Look at your personal branding documents and online accounts. Do you include the adjectives “successful”, “hard-working” and “enthusiastic”?
Find any of them in your resume or cover letter? Your LinkedIn profile? Probably. That’s because EVERYONE describes themselves the same way. It’s a bad habit we carry over from life as an undergrad in our quest to seem impressive…
What if, as online courses become more legitimate and trustworthy and internships and apprenticeships provide even more value, employers stop caring about where we gain the skills required — and only care that we have them?
In order to attract the attention of those employers, here are 14 soft skills – intangible qualities you won’t find in any textbook – that you’ll want to master as a twenty-something…
Your resume. Often, your first – and last – impression. And yet so many don’t take the time to make that first impression a good one. We carefully choose the format that best represents us. We agonize over which font to use. And we proofread over and over… only to have the resume rejected, over and over. Why? Because you haven’t yet removed all the fluff that employers do not care about! Take a look at your resume, and be sure to cut out these nine unnecessary items that send the wrong message to potential employers: 1. Anything After Bullet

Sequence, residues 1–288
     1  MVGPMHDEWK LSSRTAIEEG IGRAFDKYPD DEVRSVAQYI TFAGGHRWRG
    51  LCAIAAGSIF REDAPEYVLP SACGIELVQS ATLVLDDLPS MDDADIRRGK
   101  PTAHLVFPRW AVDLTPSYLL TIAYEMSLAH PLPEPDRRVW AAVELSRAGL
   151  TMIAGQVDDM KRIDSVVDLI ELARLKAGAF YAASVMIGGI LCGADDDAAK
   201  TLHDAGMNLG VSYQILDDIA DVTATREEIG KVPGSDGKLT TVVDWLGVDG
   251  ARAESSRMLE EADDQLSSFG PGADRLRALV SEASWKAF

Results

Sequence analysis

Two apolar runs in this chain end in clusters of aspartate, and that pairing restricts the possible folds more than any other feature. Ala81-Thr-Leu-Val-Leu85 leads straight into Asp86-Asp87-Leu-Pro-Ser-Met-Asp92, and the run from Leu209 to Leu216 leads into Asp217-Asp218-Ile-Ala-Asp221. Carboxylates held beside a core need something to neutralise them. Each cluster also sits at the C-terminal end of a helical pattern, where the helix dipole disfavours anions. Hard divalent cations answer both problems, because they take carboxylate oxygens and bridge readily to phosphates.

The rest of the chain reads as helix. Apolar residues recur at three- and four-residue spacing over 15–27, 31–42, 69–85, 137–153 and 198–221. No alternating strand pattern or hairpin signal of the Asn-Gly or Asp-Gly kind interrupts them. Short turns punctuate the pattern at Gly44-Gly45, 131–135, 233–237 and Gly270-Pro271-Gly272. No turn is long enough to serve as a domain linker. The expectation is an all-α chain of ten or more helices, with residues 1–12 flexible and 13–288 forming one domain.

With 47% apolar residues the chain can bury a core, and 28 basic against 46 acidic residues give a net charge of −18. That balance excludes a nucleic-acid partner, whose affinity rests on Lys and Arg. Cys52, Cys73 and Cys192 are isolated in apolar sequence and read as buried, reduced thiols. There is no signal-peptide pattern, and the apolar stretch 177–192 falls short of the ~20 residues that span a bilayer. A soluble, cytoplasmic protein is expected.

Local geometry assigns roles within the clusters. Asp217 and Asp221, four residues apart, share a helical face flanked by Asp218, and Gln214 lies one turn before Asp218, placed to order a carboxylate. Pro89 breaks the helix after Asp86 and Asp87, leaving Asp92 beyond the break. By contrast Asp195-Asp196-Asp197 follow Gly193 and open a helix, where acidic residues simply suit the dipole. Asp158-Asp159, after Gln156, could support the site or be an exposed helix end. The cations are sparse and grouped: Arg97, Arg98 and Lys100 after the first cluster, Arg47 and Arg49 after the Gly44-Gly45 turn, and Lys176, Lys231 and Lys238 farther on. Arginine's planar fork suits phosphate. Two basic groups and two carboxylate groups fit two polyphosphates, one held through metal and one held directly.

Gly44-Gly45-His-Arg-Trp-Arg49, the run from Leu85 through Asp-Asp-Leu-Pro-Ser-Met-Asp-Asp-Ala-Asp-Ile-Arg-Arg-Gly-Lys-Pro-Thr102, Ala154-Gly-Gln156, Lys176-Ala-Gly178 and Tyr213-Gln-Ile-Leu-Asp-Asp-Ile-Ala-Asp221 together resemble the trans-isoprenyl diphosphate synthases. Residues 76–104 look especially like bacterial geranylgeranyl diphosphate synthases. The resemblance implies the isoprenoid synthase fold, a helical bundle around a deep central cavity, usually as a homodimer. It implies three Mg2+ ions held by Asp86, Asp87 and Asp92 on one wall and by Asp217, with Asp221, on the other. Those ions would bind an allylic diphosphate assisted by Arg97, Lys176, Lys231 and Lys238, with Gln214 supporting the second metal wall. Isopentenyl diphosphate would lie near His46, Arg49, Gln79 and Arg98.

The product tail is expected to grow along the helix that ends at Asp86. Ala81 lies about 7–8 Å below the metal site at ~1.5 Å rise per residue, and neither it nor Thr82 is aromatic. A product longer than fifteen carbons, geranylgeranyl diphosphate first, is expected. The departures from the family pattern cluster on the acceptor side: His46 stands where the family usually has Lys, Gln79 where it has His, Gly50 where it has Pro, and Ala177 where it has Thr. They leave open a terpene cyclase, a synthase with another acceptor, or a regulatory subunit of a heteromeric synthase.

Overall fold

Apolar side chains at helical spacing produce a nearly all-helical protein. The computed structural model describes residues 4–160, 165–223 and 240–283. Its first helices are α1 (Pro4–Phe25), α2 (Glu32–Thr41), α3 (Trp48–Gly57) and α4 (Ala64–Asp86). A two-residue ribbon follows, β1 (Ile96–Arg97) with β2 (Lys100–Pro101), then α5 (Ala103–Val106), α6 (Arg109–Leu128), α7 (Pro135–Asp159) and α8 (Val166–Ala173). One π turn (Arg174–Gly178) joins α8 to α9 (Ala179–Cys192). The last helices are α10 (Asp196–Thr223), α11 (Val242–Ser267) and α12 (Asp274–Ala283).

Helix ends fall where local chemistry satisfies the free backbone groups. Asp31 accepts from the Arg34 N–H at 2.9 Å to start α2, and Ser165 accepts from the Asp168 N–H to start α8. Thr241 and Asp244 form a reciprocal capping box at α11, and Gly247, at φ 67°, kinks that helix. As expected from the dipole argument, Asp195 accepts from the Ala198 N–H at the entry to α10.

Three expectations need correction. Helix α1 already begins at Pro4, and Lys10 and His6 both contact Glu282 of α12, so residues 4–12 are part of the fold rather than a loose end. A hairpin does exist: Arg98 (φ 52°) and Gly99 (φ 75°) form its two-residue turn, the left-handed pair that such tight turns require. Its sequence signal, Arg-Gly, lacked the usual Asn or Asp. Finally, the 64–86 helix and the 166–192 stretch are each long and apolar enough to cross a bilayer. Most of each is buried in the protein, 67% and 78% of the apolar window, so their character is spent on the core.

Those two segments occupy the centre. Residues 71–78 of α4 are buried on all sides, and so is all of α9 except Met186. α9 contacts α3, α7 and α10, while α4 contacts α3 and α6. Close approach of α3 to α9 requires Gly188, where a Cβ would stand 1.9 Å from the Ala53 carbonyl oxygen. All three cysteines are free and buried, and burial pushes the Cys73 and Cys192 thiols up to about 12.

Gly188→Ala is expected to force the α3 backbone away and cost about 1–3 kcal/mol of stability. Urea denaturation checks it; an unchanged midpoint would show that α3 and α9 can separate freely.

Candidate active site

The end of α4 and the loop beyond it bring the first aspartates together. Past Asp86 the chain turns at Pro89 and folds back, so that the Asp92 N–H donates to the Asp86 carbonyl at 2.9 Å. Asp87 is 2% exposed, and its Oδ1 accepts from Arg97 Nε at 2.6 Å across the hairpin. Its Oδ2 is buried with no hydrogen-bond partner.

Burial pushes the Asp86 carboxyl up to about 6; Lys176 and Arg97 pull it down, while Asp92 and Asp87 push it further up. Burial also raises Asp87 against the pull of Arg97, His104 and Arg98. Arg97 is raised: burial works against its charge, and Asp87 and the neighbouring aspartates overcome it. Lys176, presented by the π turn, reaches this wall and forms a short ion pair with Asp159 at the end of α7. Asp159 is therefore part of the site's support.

Andres Zapata, the owner of a consulting firm, is handing Millennials a golden opportunity. He closes his office every day at 5:30 pm without exception.
Our generation demands a greater work/life balance, and companies like Zapata’s give us what we want: more free time.
What’s the best way to fill (some of) the extra hours? With a side hustle. It could be anything: a business venture, start-up, developing an app, volunteering, a part-time job or even tinkering with a blog.
The list is endless. All you need to do is pick something. Here are 9 reasons why every young professional needs a side hustle.
The Millennial generation? Maybe we should be called the “Master’s” generation.
A story by Nick Anderson in The Washington Post describes how young professionals are funneling into colleges and universities at a record pace for advanced diplomas. In the report, Anderson says that from 2000 to 2012, the number of master’s degrees rose 63 percent.
“A plain ol’ bachelor’s won’t cut it anymore,” the theory goes…